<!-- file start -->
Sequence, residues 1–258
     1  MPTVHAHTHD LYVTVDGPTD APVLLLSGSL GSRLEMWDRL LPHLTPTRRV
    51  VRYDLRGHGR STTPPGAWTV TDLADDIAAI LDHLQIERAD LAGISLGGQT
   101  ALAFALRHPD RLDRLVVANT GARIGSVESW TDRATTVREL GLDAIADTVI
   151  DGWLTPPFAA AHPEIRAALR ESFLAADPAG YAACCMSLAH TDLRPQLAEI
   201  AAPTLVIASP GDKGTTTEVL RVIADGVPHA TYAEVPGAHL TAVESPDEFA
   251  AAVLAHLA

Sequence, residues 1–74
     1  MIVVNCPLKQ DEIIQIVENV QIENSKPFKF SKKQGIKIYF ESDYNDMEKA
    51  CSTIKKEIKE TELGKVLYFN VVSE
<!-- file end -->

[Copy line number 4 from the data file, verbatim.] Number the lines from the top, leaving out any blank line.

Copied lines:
   101  ALAFALRHPD RLDRLVVANT GARIGSVESW TDRATTVREL GLDAIADTVI